The nailgun thing really made me laugh. It's like the bit where Louis C.K. can't understand how his fellow airplane passenger can possibly be unhappy when their plane has a wi-fi internet connection. Comedians are supposed to have some insight into human folly and vanity, yet apparently he doesn't have enough life experience to appreciate that gadgets and technological gimmicks don't really have much to do with human happiness, or that having or not having an internet connection on a plane is approximately #1,423,918 on the list of things that actually matter to anyone. It's embarrassing enough coming from him, but just plain dumb to hear MMM, who constantly talks about how getting nicer stuff is not the key to improving your quality of life, claim that everything in the world is awesome because his fancy construction toys are cheaper than they used to be (even as he admits that the lower cost is due to the manufacturing being outsourced to Chinese workers who live in conditions approximating slavery). If you want to talk about actual quality of life factors and claim that life is so much more awesome today, let's do an experiment. Compared to, say, 50 years ago:
- How many more people are overweight or obese? How much of their daily calories comes from corn syrup and soybean oil?
- How many people exercise regularly and get enough sleep?
- How many friends does the average person have? How many of their neighbors do they know well?
- How likely are people to get and stay married?
- How many family members living within 50 miles does the average person have?
- How easy is it to support a family in a middle-class lifestyle off a single income and without a college degree?
- What percentage of kids are born to married parents?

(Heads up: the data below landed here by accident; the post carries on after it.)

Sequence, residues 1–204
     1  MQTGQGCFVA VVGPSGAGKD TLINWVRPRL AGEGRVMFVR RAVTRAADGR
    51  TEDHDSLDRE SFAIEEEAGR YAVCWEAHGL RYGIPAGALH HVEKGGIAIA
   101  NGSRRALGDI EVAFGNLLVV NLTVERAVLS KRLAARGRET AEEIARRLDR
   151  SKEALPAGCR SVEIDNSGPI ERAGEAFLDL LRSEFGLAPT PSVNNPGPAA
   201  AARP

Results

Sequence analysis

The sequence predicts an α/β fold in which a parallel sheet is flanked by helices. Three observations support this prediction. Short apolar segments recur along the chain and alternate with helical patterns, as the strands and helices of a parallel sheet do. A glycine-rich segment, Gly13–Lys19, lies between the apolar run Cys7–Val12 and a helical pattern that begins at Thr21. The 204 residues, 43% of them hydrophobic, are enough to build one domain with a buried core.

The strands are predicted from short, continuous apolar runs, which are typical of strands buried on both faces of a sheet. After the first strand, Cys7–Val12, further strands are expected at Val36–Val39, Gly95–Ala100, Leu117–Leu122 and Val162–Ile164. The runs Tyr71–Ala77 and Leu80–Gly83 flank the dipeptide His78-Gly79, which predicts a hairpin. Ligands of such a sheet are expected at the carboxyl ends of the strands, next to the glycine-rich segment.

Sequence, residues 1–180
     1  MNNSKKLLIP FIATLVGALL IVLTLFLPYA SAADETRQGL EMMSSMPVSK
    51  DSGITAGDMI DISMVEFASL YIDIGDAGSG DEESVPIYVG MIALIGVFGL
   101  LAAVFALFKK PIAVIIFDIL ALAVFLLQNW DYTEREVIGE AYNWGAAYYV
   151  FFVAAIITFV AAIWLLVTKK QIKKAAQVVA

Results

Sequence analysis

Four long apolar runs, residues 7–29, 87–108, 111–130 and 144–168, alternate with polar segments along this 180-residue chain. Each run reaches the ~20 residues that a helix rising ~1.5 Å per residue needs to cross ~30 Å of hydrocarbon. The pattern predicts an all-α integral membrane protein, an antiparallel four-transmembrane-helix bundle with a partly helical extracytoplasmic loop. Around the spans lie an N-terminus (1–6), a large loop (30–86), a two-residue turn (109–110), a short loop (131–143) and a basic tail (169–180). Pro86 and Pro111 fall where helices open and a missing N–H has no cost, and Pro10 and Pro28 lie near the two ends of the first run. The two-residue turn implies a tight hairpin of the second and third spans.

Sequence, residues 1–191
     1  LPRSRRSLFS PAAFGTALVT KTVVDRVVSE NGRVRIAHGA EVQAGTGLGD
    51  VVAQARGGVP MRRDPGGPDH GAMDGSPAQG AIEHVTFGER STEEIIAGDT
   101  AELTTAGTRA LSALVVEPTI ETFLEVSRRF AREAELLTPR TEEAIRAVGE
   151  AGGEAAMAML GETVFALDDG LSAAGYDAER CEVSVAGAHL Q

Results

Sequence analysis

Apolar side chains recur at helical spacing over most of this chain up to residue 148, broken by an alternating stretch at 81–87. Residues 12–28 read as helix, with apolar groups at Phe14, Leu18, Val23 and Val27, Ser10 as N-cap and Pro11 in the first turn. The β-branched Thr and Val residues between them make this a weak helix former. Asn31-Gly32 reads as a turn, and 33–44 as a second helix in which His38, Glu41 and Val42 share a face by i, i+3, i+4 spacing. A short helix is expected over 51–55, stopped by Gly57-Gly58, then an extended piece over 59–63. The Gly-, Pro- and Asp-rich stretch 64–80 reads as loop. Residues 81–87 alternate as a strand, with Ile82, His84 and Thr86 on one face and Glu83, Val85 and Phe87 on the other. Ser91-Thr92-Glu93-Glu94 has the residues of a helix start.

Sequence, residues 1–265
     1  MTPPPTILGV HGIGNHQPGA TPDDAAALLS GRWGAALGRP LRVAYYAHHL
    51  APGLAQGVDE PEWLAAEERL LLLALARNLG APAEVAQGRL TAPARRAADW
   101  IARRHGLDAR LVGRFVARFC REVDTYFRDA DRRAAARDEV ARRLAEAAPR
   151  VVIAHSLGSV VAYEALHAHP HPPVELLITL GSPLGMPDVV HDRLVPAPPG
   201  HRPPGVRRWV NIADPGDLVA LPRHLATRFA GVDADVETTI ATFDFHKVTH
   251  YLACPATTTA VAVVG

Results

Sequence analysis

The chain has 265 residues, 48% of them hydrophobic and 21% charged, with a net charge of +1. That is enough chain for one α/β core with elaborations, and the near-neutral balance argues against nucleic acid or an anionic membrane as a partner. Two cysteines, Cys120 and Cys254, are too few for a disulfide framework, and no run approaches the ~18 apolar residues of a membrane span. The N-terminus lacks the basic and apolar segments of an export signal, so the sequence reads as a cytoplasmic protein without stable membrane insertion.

- How involved in community activities is the average person?
- How many people go to church regularly (I realize church is not for everyone but there's very strong evidence that religious people are on average happier, so it counts as a quality of life issue)?
- How much faith do people have in the honesty and transparency of government, big business, the media, and other important public institutions?
- How many people are being medicated for depression or anxiety?
- How safe are public spaces? Did big cities back then all have significant areas that are no-go zones for law-abiding citizens like they do today?
That's just for a start, I'm sure other examples will occur to the reader. Believe it or not though, it's possible to recognize bad things about the world and still be a basically positive and upbeat person (this is the real essence of stoicism, not denial that the bad things even exist as the original article seems to suggest). I don't spend all my time worrying or thinking about this stuff by any means, but I also don't want to be a sucker and make stupid decisions because I was too scared to educate myself about possible pitfalls and risks. The nuanced argument is that there is a balance to be struck, and sometimes MMM comes across as a little sheltered when he is so adamant that things can only possibly get better from here because gadgets.